The Recipe for Sustainable Organizational Productivity

Keith A. Clinkscale, Director, Strategic Planning and Performance Management, Palm Beach County
Keith A. Clinkscale, Director, Strategic Planning and Performance Management, Palm Beach County

Keith A. Clinkscale, Director, Strategic Planning and Performance Management, Palm Beach County

For decades organizations have struggled with creating a culture of sustainable productivity. How do you tie strategy, vision, mission, goals, metrics, and employees all together to create a culture that thrives? Most organizations have put all their eggs in one of these baskets, however, the answer lies in the integration of them all. Our ultimate goal should be to create something sustainable, long after we leave. It has to be woven into the fabric of the organization. It requires a “cultural” transformation. So, let’s talk about the RECIPE for success and how each ingredient integrates with the others to form a well-baked highly productive sustainable organization.

Servant Leadership

The first ingredient is usually assumed and taken for granted but is essential to a healthy organization. I call it “Servant” Leadership. Servant leadership is a leadership philosophy in which the main goal of the leader is to serve. This is different from traditional leadership where the leader's main focus is the thriving of their company or organizations. Organizations that embrace servant leadership operate with the client, customer and employees need in mind. They recognize that serving its  “constituents ” develops loyalty and trust that ultimately creates positive vibes and an environment of success. 

Vision

Every employee must have a clear understanding of where the organization is headed. Without a Vision, the people perish. Establish a clear, precise vision that is the “north star”.  I often ask organizations if your 5-year vision was across the room and you walked into it, what would it look or feel like?  Develop a vision without regard to any restraints. What would you like the organization to ultimately look like 5 years from now?

Mission

Most organizations have mission statements. However, they cover a full-page and often most employees do not know what it is. The mission statement is the call to action. It tells the organization what it is committed to doing. For instance, “Using our portfolio of brands to differentiate our content, services, and consumer products, we seek to develop the most creative, innovative and profitable entertainment experiences and related products in the world.” – Walt Disney.  The mission statement is the most critical piece of information that each employee should be given. I encourage organizations to put it on the back of their business cards, open each meeting with the mission statement and include it in email signatures.

 Every employee must have a clear understanding of where the organization is headed. Without a Vision, the people perish 

SWOT Analysis

The one area where many organizations fail is in understanding its Strengths, Weaknesses, Opportunities, and Threats.  Organizations need to do an open and honest assessment of what’s working and what needs improvement. Success is when organizations leverage their strengths, address weaknesses, seize the opportunities and mitigate any threats.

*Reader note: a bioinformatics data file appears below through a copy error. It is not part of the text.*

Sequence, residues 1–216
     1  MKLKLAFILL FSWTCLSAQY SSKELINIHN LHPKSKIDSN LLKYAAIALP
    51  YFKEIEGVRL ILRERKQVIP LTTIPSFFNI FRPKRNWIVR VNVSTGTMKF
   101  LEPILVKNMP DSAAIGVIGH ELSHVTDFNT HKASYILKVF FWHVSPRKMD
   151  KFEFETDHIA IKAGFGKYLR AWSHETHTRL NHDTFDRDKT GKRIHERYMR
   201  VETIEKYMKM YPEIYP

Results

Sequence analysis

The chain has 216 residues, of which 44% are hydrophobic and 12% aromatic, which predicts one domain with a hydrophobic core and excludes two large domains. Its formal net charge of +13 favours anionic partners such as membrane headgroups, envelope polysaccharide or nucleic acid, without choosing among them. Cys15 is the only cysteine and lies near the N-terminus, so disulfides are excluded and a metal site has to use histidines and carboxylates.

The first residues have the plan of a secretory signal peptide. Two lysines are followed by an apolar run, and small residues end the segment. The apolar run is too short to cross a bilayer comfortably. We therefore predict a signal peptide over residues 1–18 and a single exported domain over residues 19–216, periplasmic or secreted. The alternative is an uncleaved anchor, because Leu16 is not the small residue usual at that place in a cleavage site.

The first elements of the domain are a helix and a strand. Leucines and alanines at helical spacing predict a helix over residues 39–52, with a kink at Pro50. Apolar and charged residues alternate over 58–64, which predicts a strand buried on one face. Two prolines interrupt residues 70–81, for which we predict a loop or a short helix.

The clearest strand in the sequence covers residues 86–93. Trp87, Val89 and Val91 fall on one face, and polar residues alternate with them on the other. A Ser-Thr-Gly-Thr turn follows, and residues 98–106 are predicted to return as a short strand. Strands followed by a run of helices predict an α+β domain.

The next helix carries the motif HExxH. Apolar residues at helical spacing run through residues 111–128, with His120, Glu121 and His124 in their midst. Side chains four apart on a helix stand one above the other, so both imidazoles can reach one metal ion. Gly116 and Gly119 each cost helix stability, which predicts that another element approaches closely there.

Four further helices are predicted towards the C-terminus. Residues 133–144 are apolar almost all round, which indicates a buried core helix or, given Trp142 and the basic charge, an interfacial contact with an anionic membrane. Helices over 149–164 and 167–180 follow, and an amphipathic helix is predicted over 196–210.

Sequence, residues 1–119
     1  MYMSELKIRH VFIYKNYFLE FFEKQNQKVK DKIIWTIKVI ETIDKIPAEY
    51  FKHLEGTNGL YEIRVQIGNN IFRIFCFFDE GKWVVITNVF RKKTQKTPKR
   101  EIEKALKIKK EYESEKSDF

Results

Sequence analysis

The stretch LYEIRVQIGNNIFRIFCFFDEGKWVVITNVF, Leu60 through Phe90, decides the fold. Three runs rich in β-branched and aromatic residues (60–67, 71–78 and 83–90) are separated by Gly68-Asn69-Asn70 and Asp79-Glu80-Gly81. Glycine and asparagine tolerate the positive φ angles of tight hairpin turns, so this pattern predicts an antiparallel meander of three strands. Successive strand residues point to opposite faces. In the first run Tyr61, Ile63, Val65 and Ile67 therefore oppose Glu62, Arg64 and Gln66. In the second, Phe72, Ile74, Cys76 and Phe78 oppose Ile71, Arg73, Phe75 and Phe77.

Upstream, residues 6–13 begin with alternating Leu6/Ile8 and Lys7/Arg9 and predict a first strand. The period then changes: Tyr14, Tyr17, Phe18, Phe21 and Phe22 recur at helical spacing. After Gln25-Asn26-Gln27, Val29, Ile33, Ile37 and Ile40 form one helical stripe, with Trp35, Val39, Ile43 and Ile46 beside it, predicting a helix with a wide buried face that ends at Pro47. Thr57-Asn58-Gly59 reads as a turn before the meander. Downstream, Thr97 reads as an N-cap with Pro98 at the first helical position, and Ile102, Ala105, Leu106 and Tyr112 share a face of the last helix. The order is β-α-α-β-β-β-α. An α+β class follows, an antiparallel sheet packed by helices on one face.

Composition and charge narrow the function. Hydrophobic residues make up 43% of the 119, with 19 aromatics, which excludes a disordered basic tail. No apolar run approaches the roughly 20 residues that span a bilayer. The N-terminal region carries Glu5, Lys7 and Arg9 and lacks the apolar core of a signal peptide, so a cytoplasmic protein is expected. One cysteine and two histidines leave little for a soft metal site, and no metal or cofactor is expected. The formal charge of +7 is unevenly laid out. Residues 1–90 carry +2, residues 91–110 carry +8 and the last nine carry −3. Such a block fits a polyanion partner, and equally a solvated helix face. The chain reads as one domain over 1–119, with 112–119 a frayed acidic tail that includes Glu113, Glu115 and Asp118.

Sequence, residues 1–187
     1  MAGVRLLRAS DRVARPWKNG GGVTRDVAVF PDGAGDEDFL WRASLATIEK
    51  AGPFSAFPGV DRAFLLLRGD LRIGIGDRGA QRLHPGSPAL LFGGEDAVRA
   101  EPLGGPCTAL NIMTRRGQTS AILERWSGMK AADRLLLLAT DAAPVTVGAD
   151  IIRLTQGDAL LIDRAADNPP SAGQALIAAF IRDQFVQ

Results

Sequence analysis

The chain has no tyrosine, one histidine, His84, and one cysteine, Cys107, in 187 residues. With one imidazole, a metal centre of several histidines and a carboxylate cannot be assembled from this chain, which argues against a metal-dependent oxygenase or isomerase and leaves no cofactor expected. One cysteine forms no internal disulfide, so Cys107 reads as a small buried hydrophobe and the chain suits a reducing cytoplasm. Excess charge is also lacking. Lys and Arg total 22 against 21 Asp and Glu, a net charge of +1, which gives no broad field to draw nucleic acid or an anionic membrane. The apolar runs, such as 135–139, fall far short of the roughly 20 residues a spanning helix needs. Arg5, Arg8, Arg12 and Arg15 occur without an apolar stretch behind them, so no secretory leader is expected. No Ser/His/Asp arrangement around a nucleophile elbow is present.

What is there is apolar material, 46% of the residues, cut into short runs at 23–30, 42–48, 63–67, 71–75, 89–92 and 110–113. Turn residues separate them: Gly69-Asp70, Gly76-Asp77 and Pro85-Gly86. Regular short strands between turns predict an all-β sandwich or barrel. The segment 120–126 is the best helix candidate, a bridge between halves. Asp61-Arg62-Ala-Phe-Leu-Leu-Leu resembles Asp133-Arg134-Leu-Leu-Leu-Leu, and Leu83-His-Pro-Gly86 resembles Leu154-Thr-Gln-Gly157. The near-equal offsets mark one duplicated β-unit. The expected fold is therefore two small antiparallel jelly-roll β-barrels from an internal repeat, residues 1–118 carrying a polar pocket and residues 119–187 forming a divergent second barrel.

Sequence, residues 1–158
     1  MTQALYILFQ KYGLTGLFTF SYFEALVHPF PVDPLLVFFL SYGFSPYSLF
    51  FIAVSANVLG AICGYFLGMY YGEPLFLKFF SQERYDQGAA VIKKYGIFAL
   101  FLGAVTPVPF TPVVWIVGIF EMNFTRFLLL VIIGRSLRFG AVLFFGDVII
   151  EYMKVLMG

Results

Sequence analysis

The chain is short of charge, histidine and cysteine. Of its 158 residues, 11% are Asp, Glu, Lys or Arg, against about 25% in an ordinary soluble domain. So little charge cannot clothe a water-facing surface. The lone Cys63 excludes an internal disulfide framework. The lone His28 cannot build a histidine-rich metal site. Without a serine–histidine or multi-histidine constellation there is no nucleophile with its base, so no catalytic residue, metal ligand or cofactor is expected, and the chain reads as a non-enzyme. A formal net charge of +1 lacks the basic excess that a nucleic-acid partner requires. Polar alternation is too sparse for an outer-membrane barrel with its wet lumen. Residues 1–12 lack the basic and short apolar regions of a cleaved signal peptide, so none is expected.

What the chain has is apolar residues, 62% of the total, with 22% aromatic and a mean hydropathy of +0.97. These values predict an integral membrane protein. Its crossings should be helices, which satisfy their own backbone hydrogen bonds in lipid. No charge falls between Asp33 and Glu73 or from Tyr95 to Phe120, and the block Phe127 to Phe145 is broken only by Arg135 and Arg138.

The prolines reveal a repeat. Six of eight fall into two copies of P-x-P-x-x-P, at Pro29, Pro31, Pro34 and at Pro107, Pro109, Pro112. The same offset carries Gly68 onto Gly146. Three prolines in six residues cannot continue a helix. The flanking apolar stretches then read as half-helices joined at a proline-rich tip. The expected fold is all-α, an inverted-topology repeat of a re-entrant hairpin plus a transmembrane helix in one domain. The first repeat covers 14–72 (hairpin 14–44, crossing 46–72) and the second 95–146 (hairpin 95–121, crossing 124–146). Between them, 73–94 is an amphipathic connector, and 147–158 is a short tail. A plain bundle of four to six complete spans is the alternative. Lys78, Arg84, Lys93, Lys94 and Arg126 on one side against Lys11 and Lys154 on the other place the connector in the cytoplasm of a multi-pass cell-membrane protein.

Strategic Priorities

Based on the assessment of the results of the organization, the vision, and mission of the organizations, strategic priorities should reflect the top areas that need to be addressed. Usually 5 to 6 strategic priorities that enable the organization to achieve its mission. These priorities provide the marching orders for all departments to collaborate but also serves as a check and balance on where budget and resources should be applied.

Performance Management Scorecards

Measuring success is key! I often tell organizations, if you want to lose weight, you have to be willing to get on a scale. Organizations have to be willingly measuring their performance based on data. Balanced Scorecards of Key Performance Indicators tell you if what you are doing is working. It also highlights areas of concern and allows organizations to quickly take action.

High-Performance Teams

Lastly, the most important component of any organization is its people. Many organizations take for granted the need to engage employees. Statistics show that organizations thrive when employees are engaged. Also, employees who are engaged perform better. So how do we engage employees and get them committed to the vision, mission, and strategic priorities of the organization? I recommend High-Performance Teams. The common definition of a high-performance team is a group of people who share a common vision, goals, metrics and who challenge and hold each other accountable to drive results. They have a  clear vision of where they are headed and what they want to accomplish.

I encourage organizations to build teams throughout the organization that works on goals that tie to the strategic priorities. At Palm Beach County we have created “Stat” Cross-Department and Cross-Functional teams that use data to analyze process, review metrics and propose solutions. Teams are using the principles of Lean Six Sigma to reduce waste, make processes lean and to drive a culture of continuous process improvement. Best practices for developing these teams include ensuring cross-discipline representation, using data to define problem and solutions, leaving titles at the door and relentless follow-up and accountability.

So there you have the recipe: Servant Leadership, Vision, Mission, SWOT Analysis,  Strategic Priorities, Performance Scorecards, and High-Performance Teams. It is the integration of these ingredients that will drive sustainable and lastly productivity and a culture of continuous process improvement.

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